http://www.st.nmfs.noaa.gov/pls/webpls/trade_dstrct.data_in?qtype=IMP&qmnth=12&qyear=2011&qdistrict=%2C+CA&qproduct=SHARK&qoutput=TABLE

      What is really odd is that I just ran a query for 2012 and I’m still seeing fins coming from New Zealand entering CA’s ports:
      http://www.st.nmfs.noaa.gov/pls/webpls/trade_dstrct.data_in?qtype=IMP&qmnth=04&qyear=2012&qdistrict=%2C+CA&qproduct=SHARK&qoutput=TABLE

      I thought AB 376 went into affect January 2012 and any sales of fins must be fins that were already purchased prior to January 2012?
      What am I missing here. This is the stuff I thought AB 376 was going to stop which is the importation of fins (as well as the sales, possession and distribution)?

    • WhySharksMatter · June 26, 2012

      “I was talking about the fins that come from China, Costa Rica, New Zealand, etc. and enter our ports here in California. Shark finning is still legal in New Zealand and the fact that those fins enter our ports undermines the current laws we have in place here to protect sharks. ”

      Let me make sure I’m understanding your point- you are saying that fin bans are good because they prevent consumers (in places where bans are in effect) from obtaining fins that came from poorly managed and unsustainable fisheries (in places like New Zealand, etc) ? Is that correct?

      Sure, that’s true, but the level of consumption here is much, much, much less than in China.

      As for your question about importation of fins, “buy, sell, or possess” should indeed restrict imports of fins. You can’t really import something without “possessing” it. I’m not sure what’s happening there.

  15. Simon · June 22, 2012

    Seems to me that it would be better to ban the importation of fins into the US. US fishermen are highly regulated already. Local demand could be met by local supply instead of allowing imports from less regulated fisheries.

    • WhySharksMatter · June 26, 2012

      “it would be better to ban the importation of fins into the US. ”

      That would certainly reduce U.S.-based consumption of shark fins that come from poorly managed fisheries. However, U.S.-based consumption of shark fins that come from poorly managed fisheries isn’t very large compared to consumption in China and other parts of Asia.

  16. SAMANTHA WHITCRAFT · June 22, 2012

    Yes, you are saying something new. You are saying “many, many, scientists are against shark fin bans” and that is by its very nature a vague statement. How many? Who? If they don’t want to say so publicly, I would ask why — if the case against bans is so clear-cut and science-based there should be no problem. As it stands, that statement can and likely will be picked up by the opposition that are now coming on strong, especially in Asia.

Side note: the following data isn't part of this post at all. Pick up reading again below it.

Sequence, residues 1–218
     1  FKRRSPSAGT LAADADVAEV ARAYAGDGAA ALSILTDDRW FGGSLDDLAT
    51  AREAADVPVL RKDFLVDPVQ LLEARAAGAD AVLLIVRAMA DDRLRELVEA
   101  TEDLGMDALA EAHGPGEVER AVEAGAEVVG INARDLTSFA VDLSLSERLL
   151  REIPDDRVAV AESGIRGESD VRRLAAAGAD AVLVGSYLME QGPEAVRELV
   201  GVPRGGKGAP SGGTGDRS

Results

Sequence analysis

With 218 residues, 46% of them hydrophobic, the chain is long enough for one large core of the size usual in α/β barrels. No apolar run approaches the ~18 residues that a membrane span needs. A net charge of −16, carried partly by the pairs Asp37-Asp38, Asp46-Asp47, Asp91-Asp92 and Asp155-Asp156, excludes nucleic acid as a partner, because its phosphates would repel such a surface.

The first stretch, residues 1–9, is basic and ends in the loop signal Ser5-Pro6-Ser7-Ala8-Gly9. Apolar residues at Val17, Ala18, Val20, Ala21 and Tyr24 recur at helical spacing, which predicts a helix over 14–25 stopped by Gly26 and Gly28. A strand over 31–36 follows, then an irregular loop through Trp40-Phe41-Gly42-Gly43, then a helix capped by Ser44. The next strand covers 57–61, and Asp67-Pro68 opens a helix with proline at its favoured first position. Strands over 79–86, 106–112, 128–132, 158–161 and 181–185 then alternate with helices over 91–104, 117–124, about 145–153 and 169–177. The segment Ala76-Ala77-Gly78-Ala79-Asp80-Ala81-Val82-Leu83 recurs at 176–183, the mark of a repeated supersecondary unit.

As for “what we need is science-based quotas for species that can be harvested, special protections for particularly threatened species, appropriate reporting and enforcement, and appropriate bycatch reduction strategies.” That would be great. International bodies and federal fisheries agencies have not been prevented from doing so and in some cases are working towards implementing those strategies. But again, if those alone worked, we would not be faced with the current status of so many shark populations — severely depleted. Are some populations ‘doing fine’ and could be harvested ‘sustainably’; in the short, perhaps. But given massive pressures on global fisheries, that is a tall order in the long run and past history isn’t at all reassuring that those standard approaches will work for sharks. Bans are a much-needed additional tool, when applied appropriately. Responsible conservation organizations approach bans on a case-by-case basis and negotiate exemptions when/where they are appropriate.

    • WhySharksMatter · June 23, 2012

      “in some cases [countries] are working towards implementing those strategies.”

      Agreed- implementation of effective fisheries management strategies isn’t happening across the board. But it is happening in some cases, and it has been successful in some cases.

      But again, if those alone worked, we would not be faced with the current status of so many shark populations — severely depleted”